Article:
NCAA Tourney proves one of the best in history

by Matthew Bain

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ESPN.com’s Men’s Tournament Challenge received 8.15 million bracket submissions for the 2013 NCAA Tournament. According to ESPN, only 47 of the brackets submitted correctly picked the Final Four teams (University of Louisville, Wichita State University, University of Michigan and Syracuse University). That’s a 0.0000058 percent success rate. With no established team to beat during the regular season, it seemed only fitting that this year’s NCAA Tournament was the “maddest” in recent memory.

Usually, there are a couple of big storylines going into the tournament. Apparently, 2013 didn’t get the memo. One of the “maddest” things about this year’s tournament was the captivating change of the “big” storyline.

One day after the upset-heavy second round, the buzz centered around the Florida Gulf Coast University Eagles. With their explosive fast break offense and highlight-reel dunks, the Eagles won the hearts of fans nationwide in their dismantling of Georgetown University. The Eagles proved they were for real when they defeated San Diego State in the 32nd round   and became the first 15-seed to advance to the Sweet 16. At this point, it seemed like the Florida Gulf Coast story was the only team to watch. This story faded, however, when the Eagles lost to a defensive juggernaut, the University of Florida Gators. What story could ever replace Florida Gulf Coast as the nation’s sweetheart?

In the first half of the University of Louisville’s Elite Eight matchup against Duke University, sophomore guard Kevin Ware landed awkwardly after attempting to contest a 3-point shot and broke his right leg in a horrific freak accident. With his coach, teammates, Duke players and Lucas Oil Stadium attendees in tears, Ware held his composure, called his teammates together and told them to finish the job. Instead of allowing the tragedy to defeat them, the Cardinals rallied around each other and Ware, and tore apart a phenomenal Duke team in the second half. Pitino stressed to his team that it was important to bring Ware back home to Atlanta, and Louisville did just that by advancing to the Final Four. For this reason, the Louisville Cardinals became a rare blend of a tournament favorite and a sweetheart: the Sweetheart Goliath.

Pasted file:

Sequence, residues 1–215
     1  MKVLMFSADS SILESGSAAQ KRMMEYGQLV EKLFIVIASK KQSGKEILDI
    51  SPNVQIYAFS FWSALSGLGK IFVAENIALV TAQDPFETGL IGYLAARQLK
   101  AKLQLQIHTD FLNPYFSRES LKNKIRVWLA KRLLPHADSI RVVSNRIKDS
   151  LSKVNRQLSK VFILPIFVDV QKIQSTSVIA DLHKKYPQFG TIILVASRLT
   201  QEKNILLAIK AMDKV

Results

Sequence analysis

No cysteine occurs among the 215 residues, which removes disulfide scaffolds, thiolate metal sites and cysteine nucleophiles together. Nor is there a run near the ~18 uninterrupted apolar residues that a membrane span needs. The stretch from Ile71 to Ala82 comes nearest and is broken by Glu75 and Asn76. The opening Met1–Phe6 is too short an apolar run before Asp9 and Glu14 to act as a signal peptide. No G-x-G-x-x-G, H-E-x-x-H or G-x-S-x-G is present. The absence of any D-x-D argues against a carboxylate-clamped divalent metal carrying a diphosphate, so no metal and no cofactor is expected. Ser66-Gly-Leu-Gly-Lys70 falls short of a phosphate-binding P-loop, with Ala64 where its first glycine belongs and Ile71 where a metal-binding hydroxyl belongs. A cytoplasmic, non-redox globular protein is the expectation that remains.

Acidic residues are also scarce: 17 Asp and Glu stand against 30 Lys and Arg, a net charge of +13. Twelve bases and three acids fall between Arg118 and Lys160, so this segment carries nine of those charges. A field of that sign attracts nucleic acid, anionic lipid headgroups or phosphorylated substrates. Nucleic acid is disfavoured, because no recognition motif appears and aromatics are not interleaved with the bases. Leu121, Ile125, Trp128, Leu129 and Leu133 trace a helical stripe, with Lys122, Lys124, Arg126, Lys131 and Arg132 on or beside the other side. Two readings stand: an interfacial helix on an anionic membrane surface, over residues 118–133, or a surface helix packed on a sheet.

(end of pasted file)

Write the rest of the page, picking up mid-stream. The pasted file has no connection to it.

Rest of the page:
In the Final Four, Louisville went head-to-head with Wichita State, another mid-major school that made it to the Final Four after defeating Gonzaga University and Ohio State University. The Cardinals won a very close game with Ware as their number one cheerleader. Emotion surrounded the Louisville-Wichita State game because of Ware’s injury, and because of this, the University of Michigan-Syracuse game took a backseat. Michigan won this game to reach its first championship game since the Fab Five in 1993.

The championship game was legendary. Michigan freshman guard Spike Albrecht, who averaged less than two points per game during the regular season, exploded for 17 in the first half. Louisville junior forward Luke Hancock, who averaged about nine points a game, responded and unloaded for 22 en route to winning the Final Four’s Most Outstanding Player. Both Louisville and Michigan were playing without production from two of their biggest stars—Louisville junior guard Russ Smith shot 3 of 16, while Michigan sophomore guard Trey Burke sat out much of the first half with foul trouble. It was up to the lesser-known players. Louisville prevailed 82-76 and Ware cut down the championship net.

Great drama with an even better tournament.

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